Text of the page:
So the second trial in the prison was over. Over, and no definite result. The character of it I have described to you. It was baser in one particular than the previous one; for this time the charges had not been communicated to Joan, therefore she had been obliged to fight in the dark.
There was no opportunity to do any thinking beforehand; there was no foreseeing what traps might be set, and no way to prepare for them. Truly it was a shabby advantage to take of a girl situated as this one was. One day, during the course of it, an able lawyer of Normandy, Maetre Lohier, happened to be in Rouen, and I will give you his opinion of that trial, so that you may see that I have been honest with you, and that my partisanship has not made me deceive you as to its unfair and illegal character. Cauchon showed Lohier the proces and asked his opinion about the trial. Now this was the opinion which he gave to Cauchon. He said that the whole thing was null and void; for these reasons: 1, because the trial was secret, and full freedom of speech and action on the part of those present not possible; 2, because the trial touched the honor of the King of France, yet he was not summoned to defend himself, nor any one appointed to represent him; 3, because the charges against the prisoner were not communicated to her; 4, because the accused, although young and simple, had been forced to defend her cause without help of counsel, notwithstanding she had so much at stake.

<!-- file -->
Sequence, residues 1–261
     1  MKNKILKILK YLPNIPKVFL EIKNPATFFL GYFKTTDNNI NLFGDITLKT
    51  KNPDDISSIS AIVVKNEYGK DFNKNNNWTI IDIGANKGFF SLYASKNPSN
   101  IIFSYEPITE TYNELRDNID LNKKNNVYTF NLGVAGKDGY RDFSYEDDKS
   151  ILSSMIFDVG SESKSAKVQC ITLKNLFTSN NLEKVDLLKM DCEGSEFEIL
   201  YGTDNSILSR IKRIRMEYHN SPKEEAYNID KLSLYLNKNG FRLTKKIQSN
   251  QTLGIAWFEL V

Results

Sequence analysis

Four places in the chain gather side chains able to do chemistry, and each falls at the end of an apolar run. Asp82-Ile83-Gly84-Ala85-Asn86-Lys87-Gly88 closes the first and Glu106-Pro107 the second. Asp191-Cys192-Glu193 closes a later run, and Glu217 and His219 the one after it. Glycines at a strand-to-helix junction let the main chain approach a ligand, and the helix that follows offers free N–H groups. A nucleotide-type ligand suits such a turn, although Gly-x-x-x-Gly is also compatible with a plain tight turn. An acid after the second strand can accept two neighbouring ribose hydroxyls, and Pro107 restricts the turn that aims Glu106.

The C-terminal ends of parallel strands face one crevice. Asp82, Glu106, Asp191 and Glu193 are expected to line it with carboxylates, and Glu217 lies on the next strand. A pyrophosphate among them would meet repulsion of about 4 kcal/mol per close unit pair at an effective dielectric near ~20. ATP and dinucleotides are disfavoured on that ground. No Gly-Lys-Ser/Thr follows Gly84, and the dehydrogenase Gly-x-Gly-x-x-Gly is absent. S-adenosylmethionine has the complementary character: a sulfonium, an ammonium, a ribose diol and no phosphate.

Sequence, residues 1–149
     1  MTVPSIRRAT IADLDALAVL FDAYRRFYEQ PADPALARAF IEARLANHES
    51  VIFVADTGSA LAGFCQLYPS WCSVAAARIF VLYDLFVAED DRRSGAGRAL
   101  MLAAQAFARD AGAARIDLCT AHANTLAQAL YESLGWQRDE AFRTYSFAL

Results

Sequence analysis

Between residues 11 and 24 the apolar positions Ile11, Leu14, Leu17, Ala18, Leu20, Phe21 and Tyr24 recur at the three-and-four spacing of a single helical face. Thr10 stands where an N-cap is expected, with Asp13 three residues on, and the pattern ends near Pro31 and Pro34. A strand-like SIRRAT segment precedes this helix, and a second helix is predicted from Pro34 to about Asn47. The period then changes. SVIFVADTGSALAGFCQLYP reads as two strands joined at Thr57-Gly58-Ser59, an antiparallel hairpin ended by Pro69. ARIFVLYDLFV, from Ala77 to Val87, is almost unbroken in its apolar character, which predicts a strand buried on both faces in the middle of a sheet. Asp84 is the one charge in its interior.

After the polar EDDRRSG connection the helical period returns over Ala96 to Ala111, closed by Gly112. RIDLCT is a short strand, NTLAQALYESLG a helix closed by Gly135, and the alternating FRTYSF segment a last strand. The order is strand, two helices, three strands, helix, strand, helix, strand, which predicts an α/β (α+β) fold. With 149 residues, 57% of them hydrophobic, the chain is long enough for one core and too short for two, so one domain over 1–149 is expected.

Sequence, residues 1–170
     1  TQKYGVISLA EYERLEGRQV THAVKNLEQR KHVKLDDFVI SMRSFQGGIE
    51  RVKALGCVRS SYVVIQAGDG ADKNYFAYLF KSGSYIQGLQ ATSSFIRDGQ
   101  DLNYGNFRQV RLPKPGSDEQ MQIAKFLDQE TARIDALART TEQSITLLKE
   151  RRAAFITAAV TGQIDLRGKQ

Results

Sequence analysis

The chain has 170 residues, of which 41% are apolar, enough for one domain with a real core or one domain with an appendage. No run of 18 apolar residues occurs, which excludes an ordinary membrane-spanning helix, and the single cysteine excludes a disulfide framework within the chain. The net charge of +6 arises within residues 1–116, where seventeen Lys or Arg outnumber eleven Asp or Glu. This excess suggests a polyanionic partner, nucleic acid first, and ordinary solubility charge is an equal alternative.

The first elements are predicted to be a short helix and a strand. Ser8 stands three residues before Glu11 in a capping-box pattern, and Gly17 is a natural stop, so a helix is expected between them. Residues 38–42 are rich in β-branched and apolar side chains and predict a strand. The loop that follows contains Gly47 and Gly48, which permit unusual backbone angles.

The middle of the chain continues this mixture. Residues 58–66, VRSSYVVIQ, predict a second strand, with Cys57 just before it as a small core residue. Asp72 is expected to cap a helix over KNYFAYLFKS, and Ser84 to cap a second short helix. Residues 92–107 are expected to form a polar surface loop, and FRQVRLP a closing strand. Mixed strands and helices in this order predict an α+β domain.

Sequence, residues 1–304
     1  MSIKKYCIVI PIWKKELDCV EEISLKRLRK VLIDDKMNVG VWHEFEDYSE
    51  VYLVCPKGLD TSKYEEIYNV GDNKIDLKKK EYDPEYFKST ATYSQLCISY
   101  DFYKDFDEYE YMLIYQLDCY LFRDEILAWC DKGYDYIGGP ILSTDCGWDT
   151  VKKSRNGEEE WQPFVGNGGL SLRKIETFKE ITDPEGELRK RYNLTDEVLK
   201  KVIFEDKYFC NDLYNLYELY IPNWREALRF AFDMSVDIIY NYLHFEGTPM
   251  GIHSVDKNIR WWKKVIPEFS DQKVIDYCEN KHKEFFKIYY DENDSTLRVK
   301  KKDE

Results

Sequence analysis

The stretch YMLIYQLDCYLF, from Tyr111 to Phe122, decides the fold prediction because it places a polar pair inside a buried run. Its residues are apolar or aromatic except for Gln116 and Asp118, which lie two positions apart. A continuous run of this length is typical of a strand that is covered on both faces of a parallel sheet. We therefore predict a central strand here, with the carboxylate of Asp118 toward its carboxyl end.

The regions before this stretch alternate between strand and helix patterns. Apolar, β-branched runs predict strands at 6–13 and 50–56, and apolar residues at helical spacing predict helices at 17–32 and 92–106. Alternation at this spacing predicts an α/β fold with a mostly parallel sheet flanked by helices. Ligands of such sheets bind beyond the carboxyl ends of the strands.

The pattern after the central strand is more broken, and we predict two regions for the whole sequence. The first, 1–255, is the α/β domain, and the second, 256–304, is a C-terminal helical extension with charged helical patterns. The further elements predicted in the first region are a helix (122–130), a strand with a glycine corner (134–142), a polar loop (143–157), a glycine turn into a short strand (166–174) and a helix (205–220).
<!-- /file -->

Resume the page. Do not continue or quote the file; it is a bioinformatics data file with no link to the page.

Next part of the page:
Did that please Bishop Cauchon? It did not. He burst out upon Lohier with the most savage cursings, and swore he would have him drowned. Lohier escaped from Rouen and got out of France with all speed, and so saved his life.